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Stockport: CQC publishes its review of how local health and social care systems work together

Published:
29 June 2018
Categories:
  • Media

The Care Quality Commission has published its findings following a local system review of Stockport. This report is one of 20 targeted reviews of local authority areas looking specifically at how people move through the health and social care system, with a focus on how services work together.

The reviews look at how hospitals, community health services, GP practices, care homes and homecare agencies work together to provide seamless care for older people living in a local area.

This review found there was a well-defined strategic vision that was designed to meet the specific needs of Stockport residents. Through the ‘Stockport Together programme’, the five main health and social care organisations in Stockport came together to work in partnership

Reviewers found some good initiatives in place to respond to people’s needs and prevent admission to hospital; for example the Neighbourhood Care Model, a multi-disciplinary approach to case management incorporating GP support. However this was in the early stages of development.

There was a commitment from staff at all levels in the system to provide person-centred care, reduce isolation and to empower people to make decisions about their care and support needs.

But if an older person living in Stockport went into crisis and required an emergency hospital admission, they might suffer long waits in A&E and were more likely to remain in hospital longer than required. This was often due to a shortage of homecare packages or the availability of high-quality residential care.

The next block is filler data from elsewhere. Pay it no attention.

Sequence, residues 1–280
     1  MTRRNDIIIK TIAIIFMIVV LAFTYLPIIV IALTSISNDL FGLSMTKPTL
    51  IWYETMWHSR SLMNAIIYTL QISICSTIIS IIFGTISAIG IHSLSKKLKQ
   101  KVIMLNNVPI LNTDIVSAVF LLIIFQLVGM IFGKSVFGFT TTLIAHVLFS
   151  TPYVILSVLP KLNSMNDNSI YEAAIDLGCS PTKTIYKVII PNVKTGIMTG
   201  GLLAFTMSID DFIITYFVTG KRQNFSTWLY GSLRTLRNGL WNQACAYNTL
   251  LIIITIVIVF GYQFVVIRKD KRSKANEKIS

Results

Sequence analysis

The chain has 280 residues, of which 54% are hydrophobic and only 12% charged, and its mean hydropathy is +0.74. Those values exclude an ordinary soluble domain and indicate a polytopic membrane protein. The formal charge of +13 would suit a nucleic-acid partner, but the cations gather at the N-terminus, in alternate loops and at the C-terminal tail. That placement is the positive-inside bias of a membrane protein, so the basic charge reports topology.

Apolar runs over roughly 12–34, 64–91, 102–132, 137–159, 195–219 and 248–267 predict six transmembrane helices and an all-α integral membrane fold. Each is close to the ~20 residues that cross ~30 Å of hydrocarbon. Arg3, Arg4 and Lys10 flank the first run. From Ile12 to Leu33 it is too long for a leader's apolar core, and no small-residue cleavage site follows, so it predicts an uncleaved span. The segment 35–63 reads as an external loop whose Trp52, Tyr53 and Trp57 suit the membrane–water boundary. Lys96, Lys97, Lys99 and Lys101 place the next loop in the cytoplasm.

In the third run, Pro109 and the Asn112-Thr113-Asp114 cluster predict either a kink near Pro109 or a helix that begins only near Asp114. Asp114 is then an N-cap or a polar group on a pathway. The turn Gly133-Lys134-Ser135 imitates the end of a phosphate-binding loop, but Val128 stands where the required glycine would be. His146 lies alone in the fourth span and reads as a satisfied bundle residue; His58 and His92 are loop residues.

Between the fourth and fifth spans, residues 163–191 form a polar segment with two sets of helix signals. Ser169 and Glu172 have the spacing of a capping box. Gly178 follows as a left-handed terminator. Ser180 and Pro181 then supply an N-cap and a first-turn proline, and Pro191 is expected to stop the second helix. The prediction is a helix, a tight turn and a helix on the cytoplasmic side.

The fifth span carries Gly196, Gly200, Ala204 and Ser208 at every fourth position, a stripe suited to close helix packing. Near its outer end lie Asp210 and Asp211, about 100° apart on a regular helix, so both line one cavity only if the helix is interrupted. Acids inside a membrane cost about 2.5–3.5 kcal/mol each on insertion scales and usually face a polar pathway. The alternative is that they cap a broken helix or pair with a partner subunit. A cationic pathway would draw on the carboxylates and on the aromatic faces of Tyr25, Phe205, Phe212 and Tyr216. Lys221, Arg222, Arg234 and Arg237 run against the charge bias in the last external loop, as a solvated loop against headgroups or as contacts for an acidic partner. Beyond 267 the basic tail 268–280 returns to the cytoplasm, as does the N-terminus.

People admitted to Wythenshawe Hospital often had a longer wait for social care assessment than those in Stepping Hill Hospital. Reviewers found that services planned at both hospitals sometimes added to system pressures. A&E wait times at Stepping Hill were too long.

The review recommends that care home and home care providers are better involved in the planning and completion of hospital discharges from an early stage. The system overall should embed the High Impact Change model to reduce the need for people to remain in hospital longer than necessary.

The review found that there were significant pressures in securing a sufficient workforce. Community social workers said they were carrying large and complex caseloads; this was often because of a lack of hospital social workers. Reviewers found the Health and Wellbeing Board and Adult Social Care and Health Scrutiny Committee lacked oversight of strategic decisions and areas of risk across the system, this was acknowledged by the board.

Professor Steve Field, Chief Inspector of Primary Care Services, said:

“Our review found that the system in Stockport had a clear ambition to work together and a connected ambition to work within the wider Greater Manchester conurbation.

“The partnership has the potential to significantly improve health and social care outcomes for people but all system leaders we heard from recognised that they were behind schedule with transforming services and needed to make changes more quickly.

“In the past year the developing neighbourhood care model had led to some more positive outcomes for people by enabling staff from different organisations to work together, helping people to be discharged from hospital more quickly and live well in the community. However there was still much to be done to ensure consistent, timely high quality care for local people.

“It is encouraging to report that local authority and NHS commissioners had a clear idea about their role and responsibilities to transform local services, although it was not always clear who was making the important decisions on the delivery of really integrated services and where accountability lays. This is a challenge for local leaders to address so that the required transformation of services can continue at pace.”

The review has made a number of recommendations for areas where the local system should focus on to secure improvement including: